Between Microsoft and the internet most of them were out of business before the end of the decade.
What happened to the technology and people behind them is often quite interesting.
For example - you've probably never heard of ViruCide but the author went on to start GoDaddy.
That Ashton-Tate Control Room might be the last product developed under that brand.
They were bought out by Borland in 1991.
That particular package looks to be a collection of random software they sold in the 80s tossed into a single box.
I remember a time when Norton Utilities was something you actually wanted because it addressed shortcomings in DOS and Windows.
Eventually Microsoft would make every useful thing Norton obsolete or part of the OS.
Now whenever you buy a new PC you spend hours trying to figure out how to remove all the Norton &%#* that comes pre-installed.
I could make a strong case for classifying the most current version as a virus.
I was surprised to find that RightWriter is still sold online today and has kept up with all the word processors and even some web content management systems.
I was going to check if Kid Pix is still being made today but don't have the courage to type that into Google.
Chris Hansen will probably be knocking on my door before I hit the enter key.
NFL Print Pro is officially the most hilarious product of this catalog.
Yes, I see the Super Mario Electric Crayon below it.
I try to not make fun of too many things in these catalogs.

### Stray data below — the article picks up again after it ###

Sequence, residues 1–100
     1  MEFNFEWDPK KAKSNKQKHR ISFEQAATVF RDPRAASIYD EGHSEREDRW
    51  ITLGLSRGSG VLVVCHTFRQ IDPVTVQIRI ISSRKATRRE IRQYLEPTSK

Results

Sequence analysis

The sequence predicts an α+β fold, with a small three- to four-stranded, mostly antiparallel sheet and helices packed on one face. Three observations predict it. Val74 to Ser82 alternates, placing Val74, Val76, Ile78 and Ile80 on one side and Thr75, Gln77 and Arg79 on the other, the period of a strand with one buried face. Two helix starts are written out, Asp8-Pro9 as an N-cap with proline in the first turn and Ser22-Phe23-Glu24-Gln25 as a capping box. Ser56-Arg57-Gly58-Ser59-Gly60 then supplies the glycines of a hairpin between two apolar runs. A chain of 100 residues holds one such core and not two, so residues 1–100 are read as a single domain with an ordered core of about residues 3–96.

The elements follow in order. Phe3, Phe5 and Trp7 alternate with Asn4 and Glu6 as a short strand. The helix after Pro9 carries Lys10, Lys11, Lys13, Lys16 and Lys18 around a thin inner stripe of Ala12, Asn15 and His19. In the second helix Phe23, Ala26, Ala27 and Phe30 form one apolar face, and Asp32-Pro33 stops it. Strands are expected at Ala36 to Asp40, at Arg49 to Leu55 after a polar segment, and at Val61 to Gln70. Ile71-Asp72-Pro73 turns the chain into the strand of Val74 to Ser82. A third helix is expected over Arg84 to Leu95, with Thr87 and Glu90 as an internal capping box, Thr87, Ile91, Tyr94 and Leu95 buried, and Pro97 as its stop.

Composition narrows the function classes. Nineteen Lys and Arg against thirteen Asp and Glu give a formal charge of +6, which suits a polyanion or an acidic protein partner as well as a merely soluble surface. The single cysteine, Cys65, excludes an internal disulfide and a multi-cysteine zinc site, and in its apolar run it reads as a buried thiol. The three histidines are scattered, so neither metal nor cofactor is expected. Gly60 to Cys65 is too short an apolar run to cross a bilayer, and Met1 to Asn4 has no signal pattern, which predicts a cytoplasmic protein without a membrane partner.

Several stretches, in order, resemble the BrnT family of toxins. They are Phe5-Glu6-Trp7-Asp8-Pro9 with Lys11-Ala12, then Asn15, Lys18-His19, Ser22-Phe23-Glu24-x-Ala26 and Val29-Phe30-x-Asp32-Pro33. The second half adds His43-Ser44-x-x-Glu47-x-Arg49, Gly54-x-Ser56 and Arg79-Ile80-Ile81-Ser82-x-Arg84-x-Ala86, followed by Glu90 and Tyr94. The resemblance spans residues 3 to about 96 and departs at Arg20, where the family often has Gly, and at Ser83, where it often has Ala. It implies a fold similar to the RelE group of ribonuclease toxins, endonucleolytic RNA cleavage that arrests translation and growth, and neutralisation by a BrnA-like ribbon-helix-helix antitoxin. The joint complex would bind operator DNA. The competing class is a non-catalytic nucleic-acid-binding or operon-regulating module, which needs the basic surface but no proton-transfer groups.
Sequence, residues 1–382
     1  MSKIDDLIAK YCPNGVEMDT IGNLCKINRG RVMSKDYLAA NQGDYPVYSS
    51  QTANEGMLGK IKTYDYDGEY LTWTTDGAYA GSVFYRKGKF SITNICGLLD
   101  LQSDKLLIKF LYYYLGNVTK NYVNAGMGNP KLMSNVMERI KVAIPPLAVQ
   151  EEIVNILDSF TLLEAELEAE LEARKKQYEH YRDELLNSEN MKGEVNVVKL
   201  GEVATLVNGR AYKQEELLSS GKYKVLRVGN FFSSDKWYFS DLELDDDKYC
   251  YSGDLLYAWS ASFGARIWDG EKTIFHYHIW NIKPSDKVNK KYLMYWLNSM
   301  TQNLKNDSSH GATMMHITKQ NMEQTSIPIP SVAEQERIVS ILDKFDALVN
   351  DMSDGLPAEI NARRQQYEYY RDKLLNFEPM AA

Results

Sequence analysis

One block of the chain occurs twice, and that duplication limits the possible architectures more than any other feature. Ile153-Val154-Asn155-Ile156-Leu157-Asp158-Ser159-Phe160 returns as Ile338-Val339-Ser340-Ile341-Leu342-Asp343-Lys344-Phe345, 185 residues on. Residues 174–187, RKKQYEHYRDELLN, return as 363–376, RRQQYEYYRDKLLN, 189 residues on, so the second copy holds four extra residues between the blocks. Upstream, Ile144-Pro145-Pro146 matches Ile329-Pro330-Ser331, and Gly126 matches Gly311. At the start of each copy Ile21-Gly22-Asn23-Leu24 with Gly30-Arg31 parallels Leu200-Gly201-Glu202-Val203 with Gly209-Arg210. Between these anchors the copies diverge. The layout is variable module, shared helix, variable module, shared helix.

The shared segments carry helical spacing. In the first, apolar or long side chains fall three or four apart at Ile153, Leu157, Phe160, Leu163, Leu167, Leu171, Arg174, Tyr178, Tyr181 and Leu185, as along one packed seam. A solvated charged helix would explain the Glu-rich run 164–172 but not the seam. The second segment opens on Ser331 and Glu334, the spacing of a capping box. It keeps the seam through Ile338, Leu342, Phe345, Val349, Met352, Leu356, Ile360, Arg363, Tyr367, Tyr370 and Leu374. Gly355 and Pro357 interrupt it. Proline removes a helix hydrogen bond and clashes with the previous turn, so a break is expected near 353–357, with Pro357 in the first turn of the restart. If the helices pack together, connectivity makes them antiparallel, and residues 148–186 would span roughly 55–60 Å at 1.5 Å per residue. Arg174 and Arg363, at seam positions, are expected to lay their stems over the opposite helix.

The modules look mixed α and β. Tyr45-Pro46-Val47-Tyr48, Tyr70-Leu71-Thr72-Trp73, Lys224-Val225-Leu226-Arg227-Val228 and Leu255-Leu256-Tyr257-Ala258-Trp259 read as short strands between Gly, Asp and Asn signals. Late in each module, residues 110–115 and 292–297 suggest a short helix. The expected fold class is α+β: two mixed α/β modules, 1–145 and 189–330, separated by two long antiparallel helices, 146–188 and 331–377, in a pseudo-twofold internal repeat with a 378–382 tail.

I scan them because I enjoy looking at them and assume there are other weirdos who do too.
Most of my memories of these items are positive and I try to reflect that.
However, there's no way to say anything nice about the computer hardware prices at the time.
It's not like we thought they were good prices back then, we knew we were getting fleeced.
Case in point, $319.99 for a black and white handheld scanner.
How about $29.99 for a mouse you wouldn't take for free today.
Although I would really like to have the box for that mouse.
You could also spend $299.99 to upgrade your PC with a sound card that would be totally unsupported in a couple of years.
The joystick prices aren't all that zany since you can spend significantly more today.
Sorry, the copy of this catalog I got had a bit of writing on the back.
I get a kick out of these old confusing word processor competitive upgrade packages.
I suppose everyone else will appreciate that CD-ROM bundle even more.
It's a mail order form, whoo-hoo.
Desert Storm was only a few months in the past and already the hastily made games based on it were being cleared out for $1.